Adam Nesbit

I have used several resources from the Zinn Education Project over the course of my student teaching term. I found them useful and grounding in both my literacy and history courses. For example, in my freshmen history course, we are currently covering the Progressive Era, and to introduce the unit I used the One Country! One Language! One Flag! activity. Students were perhaps most immediately surprised by the familiar (and infamous) hand gesture that accompanied the Pledge of Allegiance, as originally recited. However, their thinking deepened during the following day’s activity.

As a Montessori school, our weekly teaching incorporates two full days of “work cycle,” during which students collaborate and work independently in mixed age groupings. I used the Zinn Education Project activity as a jumping off point for students to do some self-directed learning during the following work cycle. Using resources I provided to them, students researched and wrote reflectively about Bellamy’s 1892 pledge as a lens into the time from whence it emerged. After more deep reflection, students were struck by the contradictions inherent in the history of our nation’s Pledge (for instance, that it was simultaneously written within an internationalist-socialist framework, yet tainted by nativism). Several of the journal entries I received from this assignment were quite poignant.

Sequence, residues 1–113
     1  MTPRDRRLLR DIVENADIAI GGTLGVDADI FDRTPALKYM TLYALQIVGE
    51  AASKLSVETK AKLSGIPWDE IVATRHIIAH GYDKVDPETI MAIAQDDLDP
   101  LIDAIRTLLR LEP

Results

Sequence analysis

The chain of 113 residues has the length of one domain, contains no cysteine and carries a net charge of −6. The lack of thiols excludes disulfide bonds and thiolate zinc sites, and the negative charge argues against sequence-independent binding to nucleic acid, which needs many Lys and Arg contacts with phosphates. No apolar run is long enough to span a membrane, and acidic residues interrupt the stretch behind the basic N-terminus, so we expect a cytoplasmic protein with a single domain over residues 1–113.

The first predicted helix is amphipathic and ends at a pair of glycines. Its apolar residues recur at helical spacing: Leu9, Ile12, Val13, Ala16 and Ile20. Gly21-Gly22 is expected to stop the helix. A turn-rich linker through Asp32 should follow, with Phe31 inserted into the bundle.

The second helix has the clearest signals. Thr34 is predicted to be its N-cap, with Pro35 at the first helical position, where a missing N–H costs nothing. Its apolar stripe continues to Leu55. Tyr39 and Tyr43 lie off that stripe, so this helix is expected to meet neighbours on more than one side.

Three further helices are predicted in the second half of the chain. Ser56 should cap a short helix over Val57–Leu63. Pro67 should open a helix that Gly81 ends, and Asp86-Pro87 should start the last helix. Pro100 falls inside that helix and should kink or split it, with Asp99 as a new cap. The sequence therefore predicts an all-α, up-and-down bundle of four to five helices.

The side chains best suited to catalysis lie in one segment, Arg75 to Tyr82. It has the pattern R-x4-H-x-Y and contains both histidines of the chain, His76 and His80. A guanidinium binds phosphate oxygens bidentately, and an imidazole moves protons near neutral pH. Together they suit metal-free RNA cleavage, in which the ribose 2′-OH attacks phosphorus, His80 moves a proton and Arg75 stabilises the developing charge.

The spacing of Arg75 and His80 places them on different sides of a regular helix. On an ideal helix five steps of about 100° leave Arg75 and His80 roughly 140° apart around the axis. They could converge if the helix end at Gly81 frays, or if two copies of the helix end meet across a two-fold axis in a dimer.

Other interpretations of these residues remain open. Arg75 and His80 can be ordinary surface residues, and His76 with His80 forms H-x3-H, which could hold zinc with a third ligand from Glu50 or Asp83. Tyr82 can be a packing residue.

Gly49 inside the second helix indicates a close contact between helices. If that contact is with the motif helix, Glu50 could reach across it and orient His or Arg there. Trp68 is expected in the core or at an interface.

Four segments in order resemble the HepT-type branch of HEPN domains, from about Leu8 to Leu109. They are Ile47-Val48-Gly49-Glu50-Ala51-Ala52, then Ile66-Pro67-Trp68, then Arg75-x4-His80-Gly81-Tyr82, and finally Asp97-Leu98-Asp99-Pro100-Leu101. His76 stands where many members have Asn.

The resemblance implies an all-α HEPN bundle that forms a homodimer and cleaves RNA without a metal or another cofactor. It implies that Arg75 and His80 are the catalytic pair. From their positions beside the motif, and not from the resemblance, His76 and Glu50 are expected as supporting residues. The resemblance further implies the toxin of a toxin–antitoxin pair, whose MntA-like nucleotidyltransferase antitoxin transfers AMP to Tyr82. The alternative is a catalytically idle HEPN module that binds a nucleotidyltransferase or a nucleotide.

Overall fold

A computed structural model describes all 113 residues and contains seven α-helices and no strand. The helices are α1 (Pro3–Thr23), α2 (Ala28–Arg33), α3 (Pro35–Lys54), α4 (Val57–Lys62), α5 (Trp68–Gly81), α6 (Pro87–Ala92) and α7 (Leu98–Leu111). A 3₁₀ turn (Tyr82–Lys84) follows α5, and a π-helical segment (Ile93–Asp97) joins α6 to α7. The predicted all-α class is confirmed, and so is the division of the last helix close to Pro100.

In the current American moment, nativism has re-emerged as a mainstream political stance at the same time that the likely Democratic nominee for the presidency calls himself a Democratic Socialist. Through the “One Country! One Language! One Flag!” activity, students came to discern certain continuities of our moment with one from our receding past.